Tired of falling off the wagon and seeing all of my gains in endurance, speed and lost pounds evaporate I decided to take my running on vacation with me. Just as I planned out my vacation adventures I planned running into the time away from home. While on our latest adventure Michele and I planned our fitness time around visiting family, 4th of July activities and fishing in Central/Northern Minnesota.

Lake Wobegon Trail – The Lake Wobegon Trail is a 10-foot wide, bituminous surfaced hike-and-bike pathway. The trail, which opened on September 30, 1998, extends through Central MN from the city of St. Joseph to the city of Osakis. The trail also has an extension on the west side of Albany heading northeast to Holdingford and beyond.

With a wonderful trail system so close we took advantage of this as often as we could. We planned our running early in the mornings or whenever we could plan in a fitness getaway.

runstjoe2015a(86 miles of trail at our finger tips)

With the cool temps and low humidity I found it easy to run.  With such conditions at hand I logged a few tempo runs and long distance outings to help burn off the calories of our other vacationing activities. Those activities included, family reunions, other “adult gatherings.” wing night, pizza night and way to many home made cookies.

runstjoe2015b(It only takes a little extra room in the suit case)

Whenever you’re on vacation, or away from home on business, look for city/state/federal parks systems/trails for some fresh, exciting and new places to run.  Big city running can also be fun and there is no better way to see the city from the ground floor. Not sure where to run, look up some local running clubs, running speciality stores to find some safe places to get out and burn off some stress. Or follow the latest vacationing/fitness trend of destination races. Make the point of your trip to race in a new city. Taking your fitness on vacation with you instead of leaving it at home helps with the hazards of eating away from home, keeps your routine in check and it also refreshes your running.

Fishing – If you can’t fish in Minnesota, you can’t fish anywhere. We went out a number of times to locations I’m sworn to kept a secret. Fishing up north the fish grow large, we were pulling in 1 pound panfish nearly at will. I also caught a number of largemouth bass, a few northern pike, crappie and perch.

mnbass1(D you know how many calories it took to land this monster?
Not many but it sure was fun)

Vacationing can be about some downtime, about rest and recovery. It can also be about learning a new activity, and exposing yourself to new adventures. It is great to getaway, to see new areas of our great country and experience new activities. With some advanced planning and a little research your fitness does not have to stay at home.

How do you stay fit while on vacation? Post a comment and tell us about it…

Running 2015 – so far it has been a up and down year

2015 so far has been a very UP and DOWN year.

As I look back I see alot of success and alot of frustartion.


Jan – A great running month, ran a 50 miler to start the year off right. At the end of the month set a new 10 mile PR and was on target with training for my seond 100 mile race. To top it all off I had a race report published in Marathon & Beyond.


Feb – Some personal issues and snow moved into the 757/804 area which caused me to loss many training days.

Mar – Ran my second 100 mile race, unsupported at the Graveyard 100. It was a good month and a great race.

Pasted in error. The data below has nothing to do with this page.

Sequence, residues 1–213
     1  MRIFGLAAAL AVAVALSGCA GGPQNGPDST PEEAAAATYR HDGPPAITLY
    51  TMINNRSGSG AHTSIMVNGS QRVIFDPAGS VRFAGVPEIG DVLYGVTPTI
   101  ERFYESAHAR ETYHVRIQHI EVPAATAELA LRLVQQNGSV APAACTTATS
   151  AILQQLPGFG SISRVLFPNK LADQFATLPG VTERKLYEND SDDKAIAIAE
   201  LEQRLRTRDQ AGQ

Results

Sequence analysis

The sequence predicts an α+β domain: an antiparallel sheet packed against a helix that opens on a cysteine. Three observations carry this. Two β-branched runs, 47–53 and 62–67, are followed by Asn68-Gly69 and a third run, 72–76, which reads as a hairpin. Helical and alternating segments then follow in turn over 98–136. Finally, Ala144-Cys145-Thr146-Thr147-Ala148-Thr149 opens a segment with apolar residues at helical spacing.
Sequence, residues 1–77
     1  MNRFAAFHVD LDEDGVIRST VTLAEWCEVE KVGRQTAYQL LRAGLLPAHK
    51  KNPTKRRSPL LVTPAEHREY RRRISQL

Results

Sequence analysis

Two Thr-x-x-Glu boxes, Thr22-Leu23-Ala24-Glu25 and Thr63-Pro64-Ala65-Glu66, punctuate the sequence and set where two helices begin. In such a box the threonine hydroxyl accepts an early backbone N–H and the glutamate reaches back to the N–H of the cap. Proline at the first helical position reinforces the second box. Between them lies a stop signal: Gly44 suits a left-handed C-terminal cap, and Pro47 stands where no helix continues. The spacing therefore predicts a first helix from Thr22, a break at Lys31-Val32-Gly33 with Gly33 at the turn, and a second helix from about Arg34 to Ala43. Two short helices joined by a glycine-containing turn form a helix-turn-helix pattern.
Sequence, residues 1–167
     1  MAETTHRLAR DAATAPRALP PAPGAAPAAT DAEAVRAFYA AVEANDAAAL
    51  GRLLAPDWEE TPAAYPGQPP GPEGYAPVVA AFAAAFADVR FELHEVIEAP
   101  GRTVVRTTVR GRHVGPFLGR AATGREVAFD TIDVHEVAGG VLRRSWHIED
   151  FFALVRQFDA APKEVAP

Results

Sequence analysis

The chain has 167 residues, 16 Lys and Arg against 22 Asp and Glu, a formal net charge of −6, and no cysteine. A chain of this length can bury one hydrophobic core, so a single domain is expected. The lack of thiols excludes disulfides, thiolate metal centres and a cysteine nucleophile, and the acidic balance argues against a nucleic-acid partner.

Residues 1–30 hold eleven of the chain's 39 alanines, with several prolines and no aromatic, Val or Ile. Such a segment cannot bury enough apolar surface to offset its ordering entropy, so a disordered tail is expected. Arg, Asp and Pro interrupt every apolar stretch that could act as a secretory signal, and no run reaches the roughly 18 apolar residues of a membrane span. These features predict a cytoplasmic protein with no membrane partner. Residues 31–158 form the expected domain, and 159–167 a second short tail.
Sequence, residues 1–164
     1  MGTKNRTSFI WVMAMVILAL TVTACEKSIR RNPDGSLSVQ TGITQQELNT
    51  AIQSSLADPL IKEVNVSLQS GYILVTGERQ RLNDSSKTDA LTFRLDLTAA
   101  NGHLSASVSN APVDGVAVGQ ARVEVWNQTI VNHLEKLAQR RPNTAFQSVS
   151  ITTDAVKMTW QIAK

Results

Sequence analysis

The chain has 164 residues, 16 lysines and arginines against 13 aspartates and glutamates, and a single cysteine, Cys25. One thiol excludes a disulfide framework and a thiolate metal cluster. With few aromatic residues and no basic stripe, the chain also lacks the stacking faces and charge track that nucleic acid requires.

Apr – My 6th running of the Virginia 24 Hour Ultra Run for Cancer, the race that started all of my ultra-running adventures. 19 hours in I set a new mileage PR (82.5) and was well on my way to another 100, then I had to drop because of Achilles issues with my left leg. On a bright side my team “Run4Life – 3” won the event setting a new team record of 834.5 miles.


May – 21 days of recovery later, and I finally got running again.

Jun – After the frustrating month that was May everything was back on target. Ran the Bethel Boogie 50 miler although I felt a little under-trained. The time off my feet set me behind the power curve for getting used to the heat and humidity. During this hot and steamy race my endurance paid the price. By late in the month I was able to ramp up my training and then Vertigo hit and I landed in the ER. Lost a few days dealing with this spinning out-of-control monster but I’m thankful it was nothing more serious and happy that finally the month came to a close and I made my adjusted goals.

Jul – Ended the month with 182 miles. I feel like I’m back running near 100% with only a slight loss of some speed as a victim to the heat, humidity and injuries over the spring and summer. Spent some vacation time in Minnesota, got in some fishing and running, including a long run of 20+ miles and a route with some hills. Ran a solid outing at The March 50k, a tough 32 miles on the All-American trail to remember WWII POWS/MIAs.

The March Beginning

Aug – The eight month of the year saw my running return to the form of the early spring, and finish  with over 200 miles and in solid shape. I did mange to set a PB for the number of running day in a month with 26. I’ve never been a big streak runner, but this month I did manage to link together a few 10 and 12 day streaks.

Onward and upward: I’m back running at near 100%, getting used to the heat, turning up the miles slowly and looking for a great second half of the running year. To make my adjusted goal of 2015 miles in 2015 and complete my race calendar, I need to make up some ground and at the same time, keep the wheels on the cart.

How has your running been? Post a comment below and tell us about your year!